Aside from the first choice, the second option is the most significant since it will back up any new applications and system data that have been added since the last update. To make alterations to the timetable, select “edit” from the drop-down menu. Backups may be scheduled at any time, but users can also specify the device’s battery level before they begin, which helps prevent device shutdowns in the middle of the backup. Users can also specify which filters to apply and what to do when the backup is complete.

Restoring from backup

In the event that your phone has a slight breakdown, you’ll be able to restore your applications and settings, but that’s only the beginning.

Again, you’ll find a variety of alternatives for bulk data restoration in the batch activities. After a wipe, selecting “Restore missing applications and data” will restore any lost data. Alternately, you may restore all applications and their data, which would overwrite any previously installed apps. If you’re reinstalling your operating system, you may also choose to only restore newer versions of user programs.

You’ll be most likely interested in the “restore missing applications + all system data” option, which would restore everything to its original state. I cannot stress enough how important it is not to restore system data if you’re changing ROMs.

The backup/restore option on the home page can be used to restore a previously stored version of a program that has acquired a problem, such as after a faulty update. Apps and data are listed here, and you may select what you want from the drop-down menu. Once you’ve tapped it, a drop-down menu will emerge with a list of all of your existing backups, as well as options for creating new ones. Manage your individual app backups here, or you may click on a specific date to restore the app to that point in time.

Managing bloatware

You’ve undoubtedly seen the Freeze feature when looking at the individual programs. If you want to stop an app from operating without having to uninstall it, you may use the app-freezing feature. Typically, this is used to remove unwanted factory-installed programs. In order to stop annoying activities from running or test how your phone will react before deleting applications, you’ll need to pay for this feature, but it’s well worth it.

With root access, Titanium Backup can delete bloatware and other undesirable applications. It’s important to back up your applications and system first, ideally with a recovery zip file, before attempting to uninstall any pre-installed software. Failure to do so can result in force closure problems and potentially leave your device totally useless.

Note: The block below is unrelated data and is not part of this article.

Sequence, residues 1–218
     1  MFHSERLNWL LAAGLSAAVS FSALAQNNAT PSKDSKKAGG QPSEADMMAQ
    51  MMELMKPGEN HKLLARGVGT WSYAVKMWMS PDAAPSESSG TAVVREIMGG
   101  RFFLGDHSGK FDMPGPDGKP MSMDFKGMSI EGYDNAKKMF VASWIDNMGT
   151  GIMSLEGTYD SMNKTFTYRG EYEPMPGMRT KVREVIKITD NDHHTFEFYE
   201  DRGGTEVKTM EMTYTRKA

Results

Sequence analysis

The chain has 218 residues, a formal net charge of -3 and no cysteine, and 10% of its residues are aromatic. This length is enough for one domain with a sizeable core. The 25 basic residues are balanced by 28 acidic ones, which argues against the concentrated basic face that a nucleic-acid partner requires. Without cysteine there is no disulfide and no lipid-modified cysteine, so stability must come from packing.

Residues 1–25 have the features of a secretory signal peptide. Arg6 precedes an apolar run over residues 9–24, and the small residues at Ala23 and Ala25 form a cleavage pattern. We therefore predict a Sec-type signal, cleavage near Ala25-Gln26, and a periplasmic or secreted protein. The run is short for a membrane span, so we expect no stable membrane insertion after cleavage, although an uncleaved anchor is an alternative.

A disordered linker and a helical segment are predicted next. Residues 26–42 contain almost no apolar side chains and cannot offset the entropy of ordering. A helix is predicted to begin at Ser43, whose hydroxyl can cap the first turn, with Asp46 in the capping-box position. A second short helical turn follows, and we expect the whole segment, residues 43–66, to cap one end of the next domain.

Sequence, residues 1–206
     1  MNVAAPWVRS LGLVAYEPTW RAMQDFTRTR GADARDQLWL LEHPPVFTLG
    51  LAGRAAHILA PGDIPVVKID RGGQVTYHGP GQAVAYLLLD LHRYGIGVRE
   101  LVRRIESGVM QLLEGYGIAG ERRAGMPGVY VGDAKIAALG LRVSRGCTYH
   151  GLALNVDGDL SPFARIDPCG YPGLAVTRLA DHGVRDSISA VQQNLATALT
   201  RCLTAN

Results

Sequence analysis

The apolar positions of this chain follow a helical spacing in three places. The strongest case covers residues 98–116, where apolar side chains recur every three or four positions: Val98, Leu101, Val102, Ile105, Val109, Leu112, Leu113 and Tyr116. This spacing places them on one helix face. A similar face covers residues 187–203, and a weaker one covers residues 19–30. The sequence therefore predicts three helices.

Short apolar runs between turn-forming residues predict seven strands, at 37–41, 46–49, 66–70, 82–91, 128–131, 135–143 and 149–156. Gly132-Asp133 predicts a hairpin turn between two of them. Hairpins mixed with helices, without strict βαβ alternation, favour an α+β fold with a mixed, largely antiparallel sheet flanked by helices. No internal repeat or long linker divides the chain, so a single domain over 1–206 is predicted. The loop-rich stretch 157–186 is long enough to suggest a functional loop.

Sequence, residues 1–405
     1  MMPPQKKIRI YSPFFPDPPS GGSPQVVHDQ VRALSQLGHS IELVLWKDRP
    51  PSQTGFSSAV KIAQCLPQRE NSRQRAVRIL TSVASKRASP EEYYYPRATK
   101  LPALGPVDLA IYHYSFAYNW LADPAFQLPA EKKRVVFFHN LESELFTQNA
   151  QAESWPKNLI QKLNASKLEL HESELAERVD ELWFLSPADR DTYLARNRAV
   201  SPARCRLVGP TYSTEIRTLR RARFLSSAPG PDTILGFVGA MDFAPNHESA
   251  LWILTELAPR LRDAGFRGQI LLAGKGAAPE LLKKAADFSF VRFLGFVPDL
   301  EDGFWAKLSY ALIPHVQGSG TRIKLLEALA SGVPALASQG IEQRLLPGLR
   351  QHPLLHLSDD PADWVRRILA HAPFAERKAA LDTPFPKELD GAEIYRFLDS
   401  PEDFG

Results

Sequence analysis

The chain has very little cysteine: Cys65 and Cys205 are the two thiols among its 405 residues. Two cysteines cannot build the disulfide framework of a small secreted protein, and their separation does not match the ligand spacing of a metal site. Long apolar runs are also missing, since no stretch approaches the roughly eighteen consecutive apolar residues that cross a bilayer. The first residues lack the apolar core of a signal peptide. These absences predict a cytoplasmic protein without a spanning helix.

Special features

If you’d want to get the most out of your backups, Titanium backup has several sophisticated options that you may take use of.

Once Titanium’s main menu has been opened, scroll down to the “Import Backup” section and select “Import Backup.” There is no need to keep all of your backups on your phone, since the data can be quickly transferred between your PC and phone.

If you don’t have enough internal capacity, you may also relocate applications to the SD card. However, this might cause certain applications to fail, thus it should only be used on software that doesn’t interact with any other component of Android, like games.

Titanium Backup has a plethora of choices under the configurations menu, including modifications to the kind of compression used to produce backups, the maximum amount of copies to maintain for each program, and the ability to preserve market links for apps. If you choose, you may keep some applications connected to the marketplace while disconnecting them from automatic updates altogether.

Cloud backups

For customers who purchase the PRO version, the option to transmit backup data to other web services, such as Dropbox and Google Drive, is included. Even if you don’t require these choices in order to clean your SD card, or if your SD card develops a defect, these alternatives are quite useful. Tap the menu button on your phone and select “Preferences” to see the “cloud sync settings” choices.

In this video, we are gonna show you how to use Titanium backup on Android:

Our Titanium Backup tutorial has come to an end. Hopefully, that’s all you need to ensure that your phone doesn’t go down the drain.

How To Use Titanium Backup on Android